Interview with James Levy

It is easy for those of us who are toiling away as full-time adjuncts (if you’ll allow me that supposed oxymoron) forget how flexible and multifaceted that term is. It’s also easy for those of us working in traditional academic fields like English or history to forget the specialized demands of specialized fields. This week we’re fortunate enough to hear from James Levy, who will help us correct both of those failings. Levy was gracious enough to answer a few questions on adjuncts and writing, especially legal writing.

AA: Why do you write?

Levy: I write for two reasons. I enjoy the satisfaction that comes from exploring a topic in the kind of depth that can only be achieved by writing about it.   There’s an old saying that the best way to learn a subject is to teach it.  I’d modify that by saying that an even better way to learn a subject is to write about it.

And the other reason I write, to be frank, is that I have to – it’s an expectation of my job.   I wish I could say that I love the writing process itself; I don’t.  I find it mentally grueling.  I love the last stages of the writing process when I’m polishing and the ideas that I’ve been struggling with really start to coalesce. Any remaining fog lifts and I begin to feel a certain mastery of the material.  That part of the writing process is very enjoyable and satisfying.  But getting to that point is terribly hard work.
I remember reading something in William Zinnser’s book On Writing Well in which he says, in effect, that anyone who thinks writing is enjoyable probably isn’t working hard enough at it.  Like Zinnser, I also don’t understand people who say they write for “fun.”   To me, it’s about as much fun as standing in the hot sun with a sledgehammer breaking rocks.  

AA: How does your academic writing relate to your teaching? How about writing that doesn’t qualify as traditional scholarship, such as blogging?

Levy: I’m a legal writing teacher and because my classroom teaching is based on hypothetical problems that change from year to year, I don’t have the luxury of being able to concentrate in one field or discipline.  Instead, what I enjoy thinking about and writing about is teaching itself.  Both teaching generally and teaching legal research and writing – so that’s where I’ve done almost all of my writing.  I’m fascinated about the role the teacher plays in the learning process.  Why are some teachers successful at getting their students to learn and others are not?   My observation is that it doesn’t necessarily correlate with  traditional notions of intelligences (i.e. IQ) but instead it’s a difficult to quantify combination of traditional intelligence, an inherent understanding in how people learn, empathy, and ability to understand student personalities and how to motivate them, among many other qualities.  A lot of it has to do with the interpersonal relationship the teacher develops with the class and individual students.  It’s not a social relationship but instead a relationship that offers support and encouragement to students while also pushing them in the right ways.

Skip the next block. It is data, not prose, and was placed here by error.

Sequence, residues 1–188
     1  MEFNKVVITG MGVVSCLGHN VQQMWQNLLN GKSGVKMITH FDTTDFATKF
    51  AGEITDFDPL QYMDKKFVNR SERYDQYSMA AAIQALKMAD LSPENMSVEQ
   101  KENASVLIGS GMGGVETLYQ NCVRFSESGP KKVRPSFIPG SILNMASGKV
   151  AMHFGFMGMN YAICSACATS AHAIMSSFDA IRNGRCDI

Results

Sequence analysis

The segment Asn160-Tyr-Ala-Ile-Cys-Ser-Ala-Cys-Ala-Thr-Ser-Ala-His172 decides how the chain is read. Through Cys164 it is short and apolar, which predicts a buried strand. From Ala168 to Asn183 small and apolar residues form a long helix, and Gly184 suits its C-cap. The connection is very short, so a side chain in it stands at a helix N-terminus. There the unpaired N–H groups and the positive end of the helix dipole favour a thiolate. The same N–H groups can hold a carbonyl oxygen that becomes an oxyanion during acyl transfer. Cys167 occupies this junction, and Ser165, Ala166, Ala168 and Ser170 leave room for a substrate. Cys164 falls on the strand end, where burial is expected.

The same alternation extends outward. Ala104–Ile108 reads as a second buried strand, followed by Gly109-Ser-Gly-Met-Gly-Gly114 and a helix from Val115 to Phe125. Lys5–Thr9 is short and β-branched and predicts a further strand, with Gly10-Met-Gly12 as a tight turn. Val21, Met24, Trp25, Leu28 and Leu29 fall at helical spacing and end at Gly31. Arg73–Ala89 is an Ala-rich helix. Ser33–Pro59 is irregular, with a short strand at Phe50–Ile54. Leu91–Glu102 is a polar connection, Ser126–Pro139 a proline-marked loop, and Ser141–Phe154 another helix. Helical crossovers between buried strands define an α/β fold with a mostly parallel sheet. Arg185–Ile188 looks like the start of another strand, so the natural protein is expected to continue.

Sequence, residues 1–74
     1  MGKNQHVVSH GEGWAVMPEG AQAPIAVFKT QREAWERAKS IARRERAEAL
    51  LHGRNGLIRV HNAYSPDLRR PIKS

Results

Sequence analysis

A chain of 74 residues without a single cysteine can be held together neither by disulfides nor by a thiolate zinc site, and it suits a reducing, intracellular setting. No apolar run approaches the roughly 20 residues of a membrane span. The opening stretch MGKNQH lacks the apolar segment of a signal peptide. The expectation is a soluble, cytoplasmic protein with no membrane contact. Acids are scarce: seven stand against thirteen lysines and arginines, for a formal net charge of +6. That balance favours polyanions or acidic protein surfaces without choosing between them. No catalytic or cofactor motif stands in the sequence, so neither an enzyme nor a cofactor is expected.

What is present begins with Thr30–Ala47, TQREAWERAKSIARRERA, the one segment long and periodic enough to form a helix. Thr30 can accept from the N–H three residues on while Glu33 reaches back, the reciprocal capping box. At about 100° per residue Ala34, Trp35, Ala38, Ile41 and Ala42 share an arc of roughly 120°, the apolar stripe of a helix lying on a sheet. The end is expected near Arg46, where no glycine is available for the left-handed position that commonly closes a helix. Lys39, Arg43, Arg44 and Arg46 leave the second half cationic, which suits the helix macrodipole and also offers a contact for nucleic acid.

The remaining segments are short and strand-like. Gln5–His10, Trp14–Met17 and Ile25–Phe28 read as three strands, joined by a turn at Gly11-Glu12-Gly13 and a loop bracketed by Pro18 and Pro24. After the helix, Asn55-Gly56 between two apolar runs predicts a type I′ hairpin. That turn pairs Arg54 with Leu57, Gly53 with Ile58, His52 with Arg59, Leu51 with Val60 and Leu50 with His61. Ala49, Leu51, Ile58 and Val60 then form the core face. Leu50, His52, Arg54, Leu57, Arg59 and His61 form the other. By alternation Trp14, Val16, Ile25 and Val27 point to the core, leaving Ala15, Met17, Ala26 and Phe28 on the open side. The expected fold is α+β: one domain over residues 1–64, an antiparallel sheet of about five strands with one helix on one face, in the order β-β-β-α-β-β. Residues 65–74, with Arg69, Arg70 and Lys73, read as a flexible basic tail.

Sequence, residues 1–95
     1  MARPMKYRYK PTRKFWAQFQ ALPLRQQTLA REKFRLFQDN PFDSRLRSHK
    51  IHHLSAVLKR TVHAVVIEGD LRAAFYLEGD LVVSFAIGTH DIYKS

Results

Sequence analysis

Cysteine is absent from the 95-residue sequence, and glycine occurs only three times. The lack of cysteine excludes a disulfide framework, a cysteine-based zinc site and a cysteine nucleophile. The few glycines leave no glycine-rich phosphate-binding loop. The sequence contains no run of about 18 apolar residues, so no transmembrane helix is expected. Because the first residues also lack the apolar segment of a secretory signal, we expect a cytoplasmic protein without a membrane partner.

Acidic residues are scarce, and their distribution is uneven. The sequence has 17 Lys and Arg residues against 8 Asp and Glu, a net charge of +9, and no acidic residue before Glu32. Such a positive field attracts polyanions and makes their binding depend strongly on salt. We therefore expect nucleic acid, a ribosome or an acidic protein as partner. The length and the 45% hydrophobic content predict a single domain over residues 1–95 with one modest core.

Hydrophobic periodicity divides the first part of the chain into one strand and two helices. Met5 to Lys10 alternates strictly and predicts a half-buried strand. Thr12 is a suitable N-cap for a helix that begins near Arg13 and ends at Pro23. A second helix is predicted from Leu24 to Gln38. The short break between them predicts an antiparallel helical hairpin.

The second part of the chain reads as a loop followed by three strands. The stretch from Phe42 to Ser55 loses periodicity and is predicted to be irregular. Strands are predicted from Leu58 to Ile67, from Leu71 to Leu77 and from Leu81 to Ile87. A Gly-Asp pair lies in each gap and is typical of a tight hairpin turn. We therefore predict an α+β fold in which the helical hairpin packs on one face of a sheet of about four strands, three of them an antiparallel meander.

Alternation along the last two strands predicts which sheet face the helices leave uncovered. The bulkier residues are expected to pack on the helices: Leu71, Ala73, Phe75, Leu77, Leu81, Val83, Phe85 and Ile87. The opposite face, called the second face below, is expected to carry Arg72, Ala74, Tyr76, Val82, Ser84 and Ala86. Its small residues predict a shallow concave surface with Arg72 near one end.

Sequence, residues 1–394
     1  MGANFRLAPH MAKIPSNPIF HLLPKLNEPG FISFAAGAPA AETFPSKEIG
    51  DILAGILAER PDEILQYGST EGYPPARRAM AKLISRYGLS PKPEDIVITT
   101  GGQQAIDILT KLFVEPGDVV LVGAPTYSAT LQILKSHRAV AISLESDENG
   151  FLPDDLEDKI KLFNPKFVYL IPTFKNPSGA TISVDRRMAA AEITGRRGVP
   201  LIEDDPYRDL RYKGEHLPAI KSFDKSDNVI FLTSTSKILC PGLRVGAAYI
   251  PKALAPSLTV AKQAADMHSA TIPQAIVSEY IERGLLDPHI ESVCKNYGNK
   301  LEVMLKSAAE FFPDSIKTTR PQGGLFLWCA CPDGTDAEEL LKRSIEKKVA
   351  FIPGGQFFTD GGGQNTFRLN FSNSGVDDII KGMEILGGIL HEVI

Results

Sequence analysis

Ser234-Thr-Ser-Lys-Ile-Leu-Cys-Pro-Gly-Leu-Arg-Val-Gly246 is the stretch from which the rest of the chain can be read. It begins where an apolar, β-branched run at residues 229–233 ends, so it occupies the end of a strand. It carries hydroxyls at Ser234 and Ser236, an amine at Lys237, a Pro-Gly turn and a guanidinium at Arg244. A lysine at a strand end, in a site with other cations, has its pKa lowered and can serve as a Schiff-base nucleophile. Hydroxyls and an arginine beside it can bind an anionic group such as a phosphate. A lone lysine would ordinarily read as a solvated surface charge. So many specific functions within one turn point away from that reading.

So that’s what I like to write about.  I’m fortunate in that my school, Nova Southeastern University School of Law, let’s me count “scholarship” about teaching towards my publication requirement.  Some schools don’t and that makes it especially hard for legal writing professors, or clinicians and librarian who don’t have a doctrinal specialty – to publish.  Traditional faculty publish in the areas they teach so their classroom preparation compliments their scholarship and vice versa.  But if your teaching specialty is skills and you’re not permitted to write about skills training – it’s doubly hard to find the time and energy to write about subjects that you are not also teaching.

For the past 10 months or so, I’ve also been an associate editor at the Legal Writing Prof Blog which I’ve enjoyed very much.  It’s a much lighter kind of writing – I report topical stories that relate to legal writing and legal education generally.  That kind of writing is fun and I also derive some tangible benefits from it. I feel I’ve become much more knowledgeable about law practice and trends in the job market, the pressure lawyers are facing these days due to the terrible economy. It helps me better understand the anxiety of my students and also better prepare them for the skills they are going to need when they get into practice.

Whether my dean will count blogging towards my publication credits remains to be seen.
I should add that I’ve sensed a certain esprit de course among legal bloggers and have made cyber-friendships through blogging which also makes it a lot of fun.

AA: How do you find time to write as an adjunct?

Levy: For truth in advertising purposes – my normal day “gig” is a full-time legal writing professor at Nova Southeastern and University of Colorado School of Law before that.  This summer I was invited to teach two legal writing courses as a visiting adjunct at William Boyd School of Law in Las Vegas.  I find it hard enough to find the time to write as a full time faculty member.  As an adjunct who would also be working full-time —I don’t know how people do it.  I do know that some, like Mitch Rubinstein who edits the Adjunct Law Blog, have been very successful at publishing as an adjunct.  To me he -and adjuncts like him – have super-human qualities.